Health Care

482 petitions

Update posted 2 days ago

Petition to Nancy Pelosi, Mitch McConnell

Cut Consumer Health Care Costs

A recent survey from Ipsos on behalf of Consumers for Quality Care (CQC) found that consumers are deeply frustrated with the health care system. A broad, bipartisan majority of voters (77%) believe that policymakers are focusing on the wrong things to improve health care and they want a new approach from politicians to tackle costs and ensure greater clarity in the system. High health care costs are hurting Americans. CQC is working to ensure that patients – and their right to high-quality and affordable health care – remain at the forefront of the health care debate. We need meaningful changes to our health care system that will improve care for consumers throughout the United States. Americans are deeply frustrated with hospital fees and unexpected bills, insurance costs like premiums, copays and deductibles, and escalating out-of-pocket costs and we support: Making health care more accessible, higher quality and less costly; Making health care policies, procedures and processes clearer for patients and their families; and Not increasing out-of-pocket costs. With Americans uncertain at every step of the health care process and unable to predict how much they are going to have to pay, the time is now to make improvements to ensure we are not paying more than we need to be and that the lack of clarity in the system doesn’t stand in the way of our health. We urge policymakers and the health care industry to address policies and practices that put an undue financial burden on American health care consumers.

Consumers for Quality Care
6,283 supporters
Started 3 days ago

Petition to National Cancer Institute, U.S. House of Representatives, U.S. Senate, Congress

Pediatric Cancer Fighters Are Worth More Than Four Percent

Every day, 43 children are expected to be diagnosed with cancer. Every year, approximately 15,600 children are diagnosed with cancer.  Every year, approximately 2,000 children pass away from cancer.  Childhood cancer is the leading cause of death by disease in children under the age of 19. 84% of children diagnosed with cancer will live at least 5 years after their diagnosis. Yet this percentage fails to reflect the long-term side effects many patients experience after months or even years of cancer treatment.  One in 285 children will be diagnosed with cancer by the age of 20.  One in 5 children diagnosed with cancer will not survive.  These statistics represent the harsh reality of childhood cancer in the United States alone. What is even more alarming than the sheer magnitude of these numbers is the insufficient federal funding dedicated specifically to childhood cancer research—just 4%. In other words, only four cents for every dollar of federal funding available for cancer research.  As a result of a lack of funding, childhood cancer patients who aspire to become future doctors, lawyers, dancers, etc. may never get the chance to change the world. The National Cancer Institute is responsible for controlling the allocation of federal spending on cancer research and we demand that the Institute prioritize our children—our future—by increasing funding for childhood cancer research.  The effects of severely underfunded childhood cancer research are evident in the fact that in the past twenty years, only four new drugs have been developed specifically for childhood cancer treatment. Yes, you read that correctly. Only four. Childhood cancers can NOT be treated the same as adult cancers.  The National Cancer Institute can NOT continue to fail the children fighting every day of their lives, unsure if they will even get to see a tomorrow.  Together, let’s fight alongside our childhood cancer fighters until they receive the funding they deserve. Our children are worth more than only 4%. To donate to Cards Against Cancer's fundraiser, click on the link below.

Cards Against Cancer
327 supporters
Update posted 4 days ago

Petition to Dräger , Ventilator manufacturers

Remove barriers to fixing ventilators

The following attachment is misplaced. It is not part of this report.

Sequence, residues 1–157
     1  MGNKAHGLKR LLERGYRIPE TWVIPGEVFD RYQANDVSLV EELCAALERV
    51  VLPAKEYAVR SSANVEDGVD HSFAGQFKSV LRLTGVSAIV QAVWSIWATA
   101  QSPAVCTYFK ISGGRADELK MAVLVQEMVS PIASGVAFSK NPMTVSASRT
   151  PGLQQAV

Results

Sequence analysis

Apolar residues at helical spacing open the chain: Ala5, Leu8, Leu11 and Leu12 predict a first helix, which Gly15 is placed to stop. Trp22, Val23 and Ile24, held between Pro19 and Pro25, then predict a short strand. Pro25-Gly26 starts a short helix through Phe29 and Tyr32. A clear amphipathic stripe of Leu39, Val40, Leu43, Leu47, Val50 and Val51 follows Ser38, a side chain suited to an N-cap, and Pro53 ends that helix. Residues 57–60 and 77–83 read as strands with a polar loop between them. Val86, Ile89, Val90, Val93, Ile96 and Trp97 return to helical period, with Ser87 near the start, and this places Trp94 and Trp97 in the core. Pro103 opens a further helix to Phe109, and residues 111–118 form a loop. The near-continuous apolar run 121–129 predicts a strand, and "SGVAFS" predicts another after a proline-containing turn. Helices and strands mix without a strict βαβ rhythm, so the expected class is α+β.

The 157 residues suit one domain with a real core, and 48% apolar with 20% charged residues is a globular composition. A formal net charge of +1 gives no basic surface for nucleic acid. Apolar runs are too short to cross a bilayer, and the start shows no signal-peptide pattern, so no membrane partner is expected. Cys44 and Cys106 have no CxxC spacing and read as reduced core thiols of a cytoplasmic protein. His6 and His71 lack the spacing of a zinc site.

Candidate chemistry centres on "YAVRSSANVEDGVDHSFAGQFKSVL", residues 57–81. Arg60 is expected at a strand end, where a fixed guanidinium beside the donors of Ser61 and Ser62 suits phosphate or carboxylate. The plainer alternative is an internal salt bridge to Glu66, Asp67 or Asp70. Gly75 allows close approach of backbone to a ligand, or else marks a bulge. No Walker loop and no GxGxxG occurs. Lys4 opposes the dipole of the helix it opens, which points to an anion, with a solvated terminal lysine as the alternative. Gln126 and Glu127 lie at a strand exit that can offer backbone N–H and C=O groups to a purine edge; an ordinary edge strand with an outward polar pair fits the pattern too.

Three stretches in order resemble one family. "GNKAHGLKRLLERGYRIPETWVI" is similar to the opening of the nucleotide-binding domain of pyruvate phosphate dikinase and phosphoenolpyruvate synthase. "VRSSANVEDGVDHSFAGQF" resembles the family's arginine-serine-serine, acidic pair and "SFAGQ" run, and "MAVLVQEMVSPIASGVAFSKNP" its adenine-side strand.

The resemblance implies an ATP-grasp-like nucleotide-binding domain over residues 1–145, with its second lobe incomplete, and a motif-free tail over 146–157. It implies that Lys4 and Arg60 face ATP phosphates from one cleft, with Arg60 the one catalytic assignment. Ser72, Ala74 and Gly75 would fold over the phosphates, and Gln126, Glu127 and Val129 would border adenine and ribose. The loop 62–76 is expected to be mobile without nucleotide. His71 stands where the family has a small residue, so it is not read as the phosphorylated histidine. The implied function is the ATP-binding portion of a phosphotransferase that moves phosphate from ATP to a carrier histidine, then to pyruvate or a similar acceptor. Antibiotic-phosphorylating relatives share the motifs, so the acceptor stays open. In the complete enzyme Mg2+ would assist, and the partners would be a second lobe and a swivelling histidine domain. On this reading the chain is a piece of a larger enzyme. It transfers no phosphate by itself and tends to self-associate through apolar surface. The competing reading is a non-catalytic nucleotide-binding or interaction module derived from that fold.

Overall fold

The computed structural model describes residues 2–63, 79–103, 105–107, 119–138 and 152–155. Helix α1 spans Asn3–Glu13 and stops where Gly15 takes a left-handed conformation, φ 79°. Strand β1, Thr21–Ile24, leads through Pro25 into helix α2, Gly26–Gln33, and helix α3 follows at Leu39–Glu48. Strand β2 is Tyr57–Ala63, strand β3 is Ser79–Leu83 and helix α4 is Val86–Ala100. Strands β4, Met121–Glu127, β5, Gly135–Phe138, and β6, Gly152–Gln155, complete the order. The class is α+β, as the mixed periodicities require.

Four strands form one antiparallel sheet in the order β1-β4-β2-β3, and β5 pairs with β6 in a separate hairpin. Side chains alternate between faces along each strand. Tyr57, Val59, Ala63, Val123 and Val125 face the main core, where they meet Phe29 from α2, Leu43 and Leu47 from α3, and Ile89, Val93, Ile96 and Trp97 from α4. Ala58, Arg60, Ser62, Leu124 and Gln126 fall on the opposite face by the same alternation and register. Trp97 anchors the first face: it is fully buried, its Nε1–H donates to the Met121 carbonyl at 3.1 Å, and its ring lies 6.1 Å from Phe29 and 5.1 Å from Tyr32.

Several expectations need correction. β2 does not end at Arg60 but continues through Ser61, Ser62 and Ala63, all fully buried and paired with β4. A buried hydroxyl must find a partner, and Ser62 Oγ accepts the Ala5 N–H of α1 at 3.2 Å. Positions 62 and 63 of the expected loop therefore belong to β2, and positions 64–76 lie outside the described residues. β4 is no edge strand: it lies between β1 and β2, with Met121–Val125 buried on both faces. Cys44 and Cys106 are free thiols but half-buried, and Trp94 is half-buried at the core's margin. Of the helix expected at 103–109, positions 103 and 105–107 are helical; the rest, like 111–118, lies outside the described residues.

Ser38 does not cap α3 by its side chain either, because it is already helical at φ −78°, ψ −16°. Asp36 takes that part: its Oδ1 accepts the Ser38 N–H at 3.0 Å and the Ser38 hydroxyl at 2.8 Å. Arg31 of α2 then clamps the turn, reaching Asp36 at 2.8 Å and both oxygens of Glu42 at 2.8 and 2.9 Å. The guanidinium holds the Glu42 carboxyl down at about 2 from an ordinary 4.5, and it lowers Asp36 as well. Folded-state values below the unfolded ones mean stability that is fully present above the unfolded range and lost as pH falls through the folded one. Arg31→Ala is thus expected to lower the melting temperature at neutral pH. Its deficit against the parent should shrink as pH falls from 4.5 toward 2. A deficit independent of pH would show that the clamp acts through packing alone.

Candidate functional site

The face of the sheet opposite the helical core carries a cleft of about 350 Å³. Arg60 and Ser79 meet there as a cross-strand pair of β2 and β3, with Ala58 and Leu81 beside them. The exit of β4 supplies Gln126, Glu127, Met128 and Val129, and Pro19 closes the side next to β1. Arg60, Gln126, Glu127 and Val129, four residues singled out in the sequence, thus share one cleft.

We are confronting a hard reality: U.S. hospitals do not have enough ventilators to meet the spike in respiratory failure that the novel coronavirus is projected to create. As ventilators are pressed into round-the-clock use, repair and maintenance issues will increase. While some ventilator manufacturers provide the service information that biomedical technicians need, other manufacturers make it hard to access manuals, read error logs or run diagnostic tests. We need to remove those barriers now. Add your name: Manufacturers must release the service information hospitals need to fix and maintain our vitally important ventilators. Hospitals in the United States don’t possess enough ventilators to meet the demand that COVID-19 is expected to create -- a reality that could have dire consequences for patients who will need these devices to breathe. As global demand for ventilators spikes, as manufacturers face heavy backlogs, and as factories are compelled to stop selling internationally, it will be nearly impossible to get enough ventilators into U.S. hospitals in time to meet the onslaught of critical cases. We’ll need to press older models into service that hospitals keep in store for emergency purposes. There are nearly 100,000 older ventilators around the United States -- but some will need repairs and maintenance, and that will require access to service information. Join us in calling on manufacturers to release the vital service information hospitals need to service and maintain all viable ventilators in the United States. Medical device manufacturers and trade associations actively lobby against Right to Repair reforms, which would mandate access to repair information and service software. While some manufacturers provide access to what technicians need, others do not provide full access to service information for their ventilators. On one independent online repository for ventilator service information, the message "Download prohibited by Dräger. Support is not desired" appears next to the deactivated links to service manuals, instructions and technical documentation for Dräger ventilators. Qualified repair technicians need access to manuals and other critical information to keep hospitals’ emergency ventilators up and running. Manufacturers claim that repairs done by independent technicians are not as safe or reliable as those done by the manufacturers’ technicians. The data says otherwise. An extensive 2018 study conducted by the Food and Drug Administration investigating repair and maintenance issues found that independent technicians, hospital technicians and manufacturers all “provide high quality, safe and effective servicing of medical devices.” Qualified hospital and independent technicians must have access to the proper information during this public health crisis. Tell ventilator manufacturers to free up service information, including repair manuals. Thank you, U.S. PIRG  1. Sarah Kliff, Adam Satariano, Jessica Silver-Greenberg and Nicholas Kulish, “There Aren’t Enough Ventilators to Cope With the Coronavirus,” New York Times, March 18, 2020. 2. Jason Koebler, “Hospitals Need to Repair Ventilators. Manufacturers Are Making That Impossible,” Vice, March 18, 2020.  3. Sarah Kliff, Adam Satariano, Jessica Silver-Greenberg and Nicholas Kulish, “There Aren’t Enough Ventilators to Cope With the Coronavirus,” New York Times, March 18, 2020.  4.  Sarah Kliff, Adam Satariano, Jessica Silver-Greenberg and Nicholas Kulish, “There Aren’t Enough Ventilators to Cope With the Coronavirus,” New York Times, March 18, 2020.  5. “United States Resource Availability for COVID-19,” Society of Critical Care Medicine, revised March 19, 2020.  6. “United States Resource Availability for COVID-19,” Society of Critical Care Medicine, revised March 19, 2020.  7. Jonathan Cohn, “How To Get More Ventilators And What To Do If We Can’t,” Huffpost, March 17, 2020.  8. “State Affairs -- 2018,” Advanced Medical Technology Association, accessed March 20, 2020.    9. Jason Koebler, “Hospitals Need to Repair Ventilators. Manufacturers Are Making That Impossible,” Vice, March 18, 2020.  10. “Ventilators Service Manuals,” Frank’s Hospital Workshop, accessed March 20, 2020.   11. Jason Koebler, “Hospitals Need to Repair Ventilators. Manufacturers Are Making That Impossible,” Vice, March 18, 2020.  12. “FDA Report on the Quality, Safety, and Effectiveness of Servicing of Medical Devices,” U.S. Food and Drug Administration, May 2018.